Simon Hardy, one of the world’s top throwing specialists, explains the hooker’s chief craft

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“Getting your hands right is the No 1 rule for throwing in,” says Simon Hardy, a World Cup-winning coach with England who now works with the likes of Bath, Harlequins and Pau on a consultancy basis. “Each player is different, so find what works for you.” Here are his top tips for throwing into a lineout…

1. GET YOUR HANDS RIGHT

“For a right-hander, have ‘Gilbert’ on top (seam at 2, 4, 6 and 8 o’clock). Right hand towards back of ball, fingers over top of seam, thumb relaxed. Left hand slightly forward of right, fingers relaxed, thumb under ball. To throw, snap elbows and roll hands out. Hands are together, pointing at the target.”

Lineout throw

Right place: Getting your hands in the correct position is key. Photo: Getty Images

2. SIT ON A STABILITY BALL

“The aim here is to isolate your upper body, using your core, arms and hands to throw. Technique: sit tall, chest up, hips up. Chin off your chest. Snap your elbows and roll the hands out. For a progression (adding difficulty), use a heavy ball or use only one foot to stabilise yourself.”

3. LIE ON A STABILITY BALL

“Aim: general use of all muscle groups and coordination of throwing action. Technique: hips up, pull through the abs, release ball above the head. Lift chest up after throw. In a game a throw isn’t an isolated action so for the progression, throw and stand to catch the ball.”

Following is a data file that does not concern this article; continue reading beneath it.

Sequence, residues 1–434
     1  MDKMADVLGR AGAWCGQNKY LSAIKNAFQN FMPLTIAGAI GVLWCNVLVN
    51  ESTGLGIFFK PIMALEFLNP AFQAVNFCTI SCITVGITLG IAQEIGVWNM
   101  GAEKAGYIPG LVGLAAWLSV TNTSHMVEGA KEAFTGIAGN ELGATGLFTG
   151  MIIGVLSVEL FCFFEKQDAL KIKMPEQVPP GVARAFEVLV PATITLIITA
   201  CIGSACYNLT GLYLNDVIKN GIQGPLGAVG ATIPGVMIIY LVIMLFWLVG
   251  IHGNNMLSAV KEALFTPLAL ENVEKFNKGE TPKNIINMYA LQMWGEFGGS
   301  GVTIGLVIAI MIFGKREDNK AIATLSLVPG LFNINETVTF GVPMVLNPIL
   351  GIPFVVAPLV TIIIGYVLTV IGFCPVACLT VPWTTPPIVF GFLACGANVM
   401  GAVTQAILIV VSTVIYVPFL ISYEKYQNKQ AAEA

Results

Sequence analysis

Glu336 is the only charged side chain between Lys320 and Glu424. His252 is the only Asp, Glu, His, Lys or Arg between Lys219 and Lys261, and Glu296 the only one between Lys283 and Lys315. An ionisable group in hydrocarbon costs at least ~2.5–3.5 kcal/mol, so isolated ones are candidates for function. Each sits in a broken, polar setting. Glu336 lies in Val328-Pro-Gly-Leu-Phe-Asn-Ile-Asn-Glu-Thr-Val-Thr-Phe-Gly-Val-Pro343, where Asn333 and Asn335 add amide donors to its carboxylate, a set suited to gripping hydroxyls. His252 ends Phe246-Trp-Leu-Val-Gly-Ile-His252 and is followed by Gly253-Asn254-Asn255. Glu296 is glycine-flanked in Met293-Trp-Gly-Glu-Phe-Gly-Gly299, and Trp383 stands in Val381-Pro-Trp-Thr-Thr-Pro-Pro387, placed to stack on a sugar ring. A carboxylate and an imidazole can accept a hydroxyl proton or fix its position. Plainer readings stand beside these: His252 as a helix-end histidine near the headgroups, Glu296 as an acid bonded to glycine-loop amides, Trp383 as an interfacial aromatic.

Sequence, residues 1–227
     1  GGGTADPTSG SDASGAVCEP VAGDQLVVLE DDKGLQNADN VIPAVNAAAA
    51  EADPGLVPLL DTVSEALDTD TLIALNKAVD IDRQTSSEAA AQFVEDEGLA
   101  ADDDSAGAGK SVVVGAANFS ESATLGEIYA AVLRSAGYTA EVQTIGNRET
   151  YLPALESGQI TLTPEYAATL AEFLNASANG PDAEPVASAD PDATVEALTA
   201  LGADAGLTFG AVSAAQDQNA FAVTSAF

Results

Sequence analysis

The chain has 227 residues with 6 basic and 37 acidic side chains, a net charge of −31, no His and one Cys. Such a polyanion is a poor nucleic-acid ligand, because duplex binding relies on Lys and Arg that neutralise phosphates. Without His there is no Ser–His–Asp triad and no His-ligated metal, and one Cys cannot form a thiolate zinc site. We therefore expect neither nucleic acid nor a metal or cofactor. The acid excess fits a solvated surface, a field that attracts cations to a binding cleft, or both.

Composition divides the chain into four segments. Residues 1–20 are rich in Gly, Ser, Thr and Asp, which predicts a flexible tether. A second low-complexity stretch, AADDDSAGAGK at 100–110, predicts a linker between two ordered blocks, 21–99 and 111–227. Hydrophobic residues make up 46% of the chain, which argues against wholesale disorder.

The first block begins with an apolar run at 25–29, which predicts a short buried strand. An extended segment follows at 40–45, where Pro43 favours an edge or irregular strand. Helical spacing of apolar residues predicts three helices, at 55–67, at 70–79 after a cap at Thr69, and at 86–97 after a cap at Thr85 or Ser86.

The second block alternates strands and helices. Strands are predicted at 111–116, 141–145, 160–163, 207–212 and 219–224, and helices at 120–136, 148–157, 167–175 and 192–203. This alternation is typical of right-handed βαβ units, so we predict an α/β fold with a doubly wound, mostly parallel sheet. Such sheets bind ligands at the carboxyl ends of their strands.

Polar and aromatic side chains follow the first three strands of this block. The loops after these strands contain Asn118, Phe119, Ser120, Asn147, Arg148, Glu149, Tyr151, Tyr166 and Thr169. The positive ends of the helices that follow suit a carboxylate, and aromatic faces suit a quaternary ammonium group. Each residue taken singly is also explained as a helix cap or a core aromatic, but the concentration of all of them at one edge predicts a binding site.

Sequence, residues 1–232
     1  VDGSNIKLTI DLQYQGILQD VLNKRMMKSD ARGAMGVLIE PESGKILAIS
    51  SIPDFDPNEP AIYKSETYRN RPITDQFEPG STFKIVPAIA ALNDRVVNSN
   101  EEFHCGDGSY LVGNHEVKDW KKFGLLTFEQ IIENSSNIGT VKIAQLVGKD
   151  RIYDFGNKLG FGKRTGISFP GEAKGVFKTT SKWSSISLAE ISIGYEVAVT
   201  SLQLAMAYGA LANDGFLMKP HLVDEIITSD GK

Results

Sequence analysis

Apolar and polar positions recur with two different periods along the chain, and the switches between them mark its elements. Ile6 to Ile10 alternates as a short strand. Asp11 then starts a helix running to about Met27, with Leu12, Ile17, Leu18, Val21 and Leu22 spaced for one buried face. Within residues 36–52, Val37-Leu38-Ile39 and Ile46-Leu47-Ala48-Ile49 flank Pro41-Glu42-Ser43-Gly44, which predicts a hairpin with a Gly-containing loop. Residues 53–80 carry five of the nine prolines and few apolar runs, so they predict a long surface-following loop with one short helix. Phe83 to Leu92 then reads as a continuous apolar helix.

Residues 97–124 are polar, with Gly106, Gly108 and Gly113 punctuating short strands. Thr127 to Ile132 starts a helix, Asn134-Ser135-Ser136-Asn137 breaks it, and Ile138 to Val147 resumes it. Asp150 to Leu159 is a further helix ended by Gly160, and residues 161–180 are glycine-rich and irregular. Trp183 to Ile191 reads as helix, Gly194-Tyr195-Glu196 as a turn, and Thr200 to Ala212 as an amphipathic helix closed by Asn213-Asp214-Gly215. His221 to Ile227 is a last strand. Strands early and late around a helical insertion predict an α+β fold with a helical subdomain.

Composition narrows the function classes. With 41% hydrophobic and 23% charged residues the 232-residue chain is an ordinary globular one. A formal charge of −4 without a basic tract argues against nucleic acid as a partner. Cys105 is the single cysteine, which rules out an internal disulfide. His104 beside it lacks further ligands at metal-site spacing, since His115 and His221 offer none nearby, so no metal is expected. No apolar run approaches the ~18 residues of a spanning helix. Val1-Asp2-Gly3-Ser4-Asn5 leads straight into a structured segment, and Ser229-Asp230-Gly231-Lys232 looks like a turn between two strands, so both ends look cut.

Tom Youngs

Having a ball: Tom Youngs works on his technique in front of Simon Hardy. Photo: Getty Images

 4. INTRODUCE A WOBBLE BOARD

“Now stand and throw from a wobble board. Aim: to develop good posture and keep weight on the balls of your feet. Technique: stay tall, lift hips and chest up, flex your knees (don’t bend them), push hips forward. Progression: once you’re staying on the board, throw longer and faster.”

 5. STANDING THROW TO TARGET

“Aim: to develop understanding of release points and speed and shape of the throw. Technique: feet square, hips and chest up, chin off chest. Knees relaxed, weight on balls of feet. Hands up, step forward after throw. Progression: smaller targets or throw through a hoop between you and target.”

New Zealand lineout

Target practice: New Zealand work on their lineout drills. Photo: Getty Images

 6. THROW INTO A LINEOUT

“Aim: to develop understanding of speed of jumpers into the air to improve timing of throw. A. SPEAK to yourself as you come to touchline. B. Set up half a step behind line and SEE your throw. C. SHOOT. Use a trigger word to focus attention. Progression: add opposition, time constraints, noise, etc.”

WHAT YOU COULD DO

  • The 95% rule. Spend 95% of your time on practice. On average there are 15 throws in a game, so players should make 285 throws a week.
  • Copycat. Watch good throwers who have a similar style to you (whether at your club or on TV).

    Simon Hardy

    World Cup winner: Simon Hardy was part of England’s 2003 back-room team. Photo: Getty Images

  • Fact not feel. Record your best throws in a ‘confidence diary’ or on a phone, so you can see your improvement. In his first season at Bath, Tom Dunn recorded 6,000 throws in an exercise book.
  • Ask yourself the right questions. Why was that a good throw? How did it feel? Don’t analyse a bad throw, just bin it. It’s about positive reinforcement.
  • Use consequence drills to perform under pressure. Eg, hit the target ten times in a row before you finish.

This article first appeared in the April 2017 issue of Rugby World magazine. For the latest subscription offers, click here.